I was a young man. She was a young woman, an ex of a friend. Both of whom belonged to my church. She was attractive: slim, blonde, fair-faced but most importantly, a pleasure to be with. I had no real aspirations on her if I’m honest – she had quickly hooked up with another guy after the end of her time with my friend. I suppose had she been available, I would’ve been interested, but there was no pining after her that young men can find themselves doing at times. However, we became good friends, and our mutual interest in drama led us to form a drama group within the church together.
The relationship with this new bloke (who quickly became her fiancé) didn’t bode well. We (the circle of friends in and around the drama) noticed the drama developing between them: rows in front of others that one associates with couples long married and prone to that crushing familiarity and weariness of the other’s foibles. Murmurs rumbled around us of things like incompatibility and ‘recovering from the rebound’ of a previous relationship. And there was the first lesson not learnt: I was not a good enough friend to be able to sit down to address this problem with her before she walked down the aisle. We all did the ‘polite’ thing and butted out of it and just talked about them out of their earshot.
And so they married: the ceremony was standard, uneventful, as expected, with the normal tones of romance. I had a feeling of unease though, as if I just knew this bloke (who was genial and friendly enough, don’t get me wrong) didn’t really appreciate the beauty of this rose. Was I jealous? Maybe I could see myself in a different life with the opportunity to propose marriage to her, able to be loving and devoted, but as I said, there was no real chemistry between us. I was a concerned friend, but saw no vision of me jumping out of my pew and saying “STOP! I wanna kiss the bride!”
So it really was a surprise when one day, only weeks after she married, she traveled the 15 miles from her marital home to see me. I still lived at my parents’ house then, and my Dad made a quick excuse to go out once I introduced this attractive young woman, thinking he would be a bit of a gooseberry. She sat down and exchanged small talk for a brief few moments once I’d brewed some coffee before she suddenly landed the bombshell in a conversational pause:
“You know, I always thought when I was younger that if a man raised his hand to me, I would leave him immediately!” I was young and inexperienced, and I do have something on the autistic spectrum radar, which makes me often unaware of non-verbal communication and inept at reading emotions, but I knew enough then, without going into the theory of implicature in conversation, to grasp what she was saying, albeit indirectly. She should have packed her bags already, and left that unhappy marital home, and chalked up the brief marriage to experience. But the young man she was talking to… no, appealing to… was unable to offer advice or even a shoulder. I was dumbstruck, literally. I recall mouthing something like “oh! That’s… awful! Emmm?..” and that was maybe it. Silence followed. I think she changed the subject, but the rest of the conversation cannot be brought to mind now. She wasn’t there for a nice chat; she wanted somebody to do the right thing by her. But I had no idea what the right thing was. Marriage is sacred, isn’t it? Our vows mean something. They have to! Why walk to the end of an aisle and utter them, in the presence of everyone dear to you, and God, and not believe they mean anything?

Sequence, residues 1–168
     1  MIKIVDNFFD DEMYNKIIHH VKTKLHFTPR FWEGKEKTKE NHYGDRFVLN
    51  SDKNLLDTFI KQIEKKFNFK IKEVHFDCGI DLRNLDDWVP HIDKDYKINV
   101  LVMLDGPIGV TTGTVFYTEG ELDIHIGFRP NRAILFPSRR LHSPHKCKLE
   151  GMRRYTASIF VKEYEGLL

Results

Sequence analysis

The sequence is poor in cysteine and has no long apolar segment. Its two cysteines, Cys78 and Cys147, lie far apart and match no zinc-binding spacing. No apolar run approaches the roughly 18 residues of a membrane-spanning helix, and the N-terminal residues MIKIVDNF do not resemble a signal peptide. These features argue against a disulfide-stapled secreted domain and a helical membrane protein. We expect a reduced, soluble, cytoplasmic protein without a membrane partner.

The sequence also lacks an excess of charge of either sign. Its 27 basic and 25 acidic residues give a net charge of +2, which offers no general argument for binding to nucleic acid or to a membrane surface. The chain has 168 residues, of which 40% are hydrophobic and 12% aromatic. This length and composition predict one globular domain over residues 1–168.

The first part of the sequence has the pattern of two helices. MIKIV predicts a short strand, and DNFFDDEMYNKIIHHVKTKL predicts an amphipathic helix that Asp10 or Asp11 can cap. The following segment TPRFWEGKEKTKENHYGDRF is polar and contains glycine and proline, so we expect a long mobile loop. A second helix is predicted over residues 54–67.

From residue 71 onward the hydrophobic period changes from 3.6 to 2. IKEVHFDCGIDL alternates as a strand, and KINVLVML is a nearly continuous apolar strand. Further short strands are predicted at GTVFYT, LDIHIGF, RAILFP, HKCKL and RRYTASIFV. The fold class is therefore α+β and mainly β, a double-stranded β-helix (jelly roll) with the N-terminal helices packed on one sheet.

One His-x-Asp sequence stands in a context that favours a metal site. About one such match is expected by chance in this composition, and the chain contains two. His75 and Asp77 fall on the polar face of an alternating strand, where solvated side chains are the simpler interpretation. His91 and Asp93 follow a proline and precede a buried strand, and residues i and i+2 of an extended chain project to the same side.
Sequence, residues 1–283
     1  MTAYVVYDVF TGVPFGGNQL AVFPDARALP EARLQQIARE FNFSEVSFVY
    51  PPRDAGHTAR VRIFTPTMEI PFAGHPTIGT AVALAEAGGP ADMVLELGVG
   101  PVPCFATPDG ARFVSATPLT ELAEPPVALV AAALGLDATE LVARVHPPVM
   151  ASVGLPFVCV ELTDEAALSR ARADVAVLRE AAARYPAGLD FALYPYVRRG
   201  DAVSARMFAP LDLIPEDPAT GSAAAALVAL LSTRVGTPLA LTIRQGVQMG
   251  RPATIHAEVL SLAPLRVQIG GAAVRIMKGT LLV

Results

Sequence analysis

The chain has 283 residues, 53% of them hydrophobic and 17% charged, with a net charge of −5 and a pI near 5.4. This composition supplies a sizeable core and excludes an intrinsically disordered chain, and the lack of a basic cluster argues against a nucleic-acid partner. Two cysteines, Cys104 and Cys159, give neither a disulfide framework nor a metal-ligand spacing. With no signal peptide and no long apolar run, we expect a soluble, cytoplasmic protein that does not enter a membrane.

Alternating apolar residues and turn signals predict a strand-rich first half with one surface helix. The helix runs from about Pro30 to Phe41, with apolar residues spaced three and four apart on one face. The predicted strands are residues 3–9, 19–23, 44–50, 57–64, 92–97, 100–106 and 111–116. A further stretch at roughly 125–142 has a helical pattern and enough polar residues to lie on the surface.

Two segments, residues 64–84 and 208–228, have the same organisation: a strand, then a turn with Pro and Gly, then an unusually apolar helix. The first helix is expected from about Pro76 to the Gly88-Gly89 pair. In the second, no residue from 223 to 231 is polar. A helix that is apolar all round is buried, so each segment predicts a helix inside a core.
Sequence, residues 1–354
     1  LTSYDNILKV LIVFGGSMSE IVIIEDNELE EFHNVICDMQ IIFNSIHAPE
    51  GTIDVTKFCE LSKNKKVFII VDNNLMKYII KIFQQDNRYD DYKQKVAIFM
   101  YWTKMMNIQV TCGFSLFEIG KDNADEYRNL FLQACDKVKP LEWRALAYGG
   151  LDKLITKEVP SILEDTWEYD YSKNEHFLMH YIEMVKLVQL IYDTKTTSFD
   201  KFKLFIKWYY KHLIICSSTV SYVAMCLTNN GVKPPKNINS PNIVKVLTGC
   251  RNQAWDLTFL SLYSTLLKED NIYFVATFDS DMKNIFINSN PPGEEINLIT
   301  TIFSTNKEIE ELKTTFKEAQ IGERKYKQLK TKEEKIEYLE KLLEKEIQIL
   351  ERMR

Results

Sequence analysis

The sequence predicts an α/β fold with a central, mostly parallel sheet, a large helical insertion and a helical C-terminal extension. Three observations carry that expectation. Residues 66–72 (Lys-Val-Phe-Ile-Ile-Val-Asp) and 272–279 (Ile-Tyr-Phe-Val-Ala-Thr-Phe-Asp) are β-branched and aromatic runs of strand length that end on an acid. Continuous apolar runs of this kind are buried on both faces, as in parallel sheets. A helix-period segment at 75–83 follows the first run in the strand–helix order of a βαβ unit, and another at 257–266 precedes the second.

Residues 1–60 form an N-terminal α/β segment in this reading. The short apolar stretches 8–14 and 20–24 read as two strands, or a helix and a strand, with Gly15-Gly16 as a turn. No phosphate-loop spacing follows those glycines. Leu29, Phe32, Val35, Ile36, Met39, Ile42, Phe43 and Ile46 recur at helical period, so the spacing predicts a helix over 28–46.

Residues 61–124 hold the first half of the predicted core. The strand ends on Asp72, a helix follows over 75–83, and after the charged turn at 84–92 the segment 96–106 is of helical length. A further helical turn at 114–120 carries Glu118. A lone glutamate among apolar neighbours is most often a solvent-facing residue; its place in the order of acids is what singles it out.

She left my house, and I never saw her again.
She hadn’t shown up at church for a few weeks, so eventually I asked a friend about her. Those were the days before mobile phones, and long before Facebook, so communication was not so easy: I had just expected to see her and talk again after a church service. The friend I asked, said “oh hadn’t you heard? She left her husband, and moved into a flat in Belfast somewhere. She’s not coming back to church, she’s too ashamed.” I cannot describe the emptiness I felt. Somehow I knew I’d not see her again, maybe ever. No point in trying to ring a telephone number I didn’t know, or visit an address few knew too, and as I said, I was lost for words anyway the first time, what more words would come to my useless tongue? At least she was out of that relationship!
Much later, after some soul-searching over why I couldn’t help a friend who sought my comfort, I realised what I should have said on that day:
“Your marriage vows mean something, yes, but they work both ways. His are as important as yours, and he promised… promised to love, honour and cherish you! In what universe does abuse measure up to the standards of love and cherishing? He has already broken the vows, so you are under no obligation to stay. Get out! I’ll go with you now and help you pack what you need. Go back to your parents, tell them. I’ll go with you. If you can’t face your own family, or you want to get away from where he can find you, I’ll ask my parents; I’m sure they’ll let you stay here for a while once I explain. Take my bed, I can sleep on the sofa. Stay as long as you need until you sort things out. Do you think you’ll need a counsellor? If you just want to talk, I’m here, or if you just need a shoulder for your tears.”
That is what I have promised myself I will say if I ever encounter a friend in this situation again.
Though we never met again, many years later, she came back to my mind in my prayers. For about a year, every time I prayed, I said one for her, then the desire to pray faded. A year after that, I met a friend who had known her too and asked if he knew how she was. He said, “yes, she settled down and married again, and has two kids now. She backslid from her faith for a long time, but about a year ago, I was told she came back to the Lord.”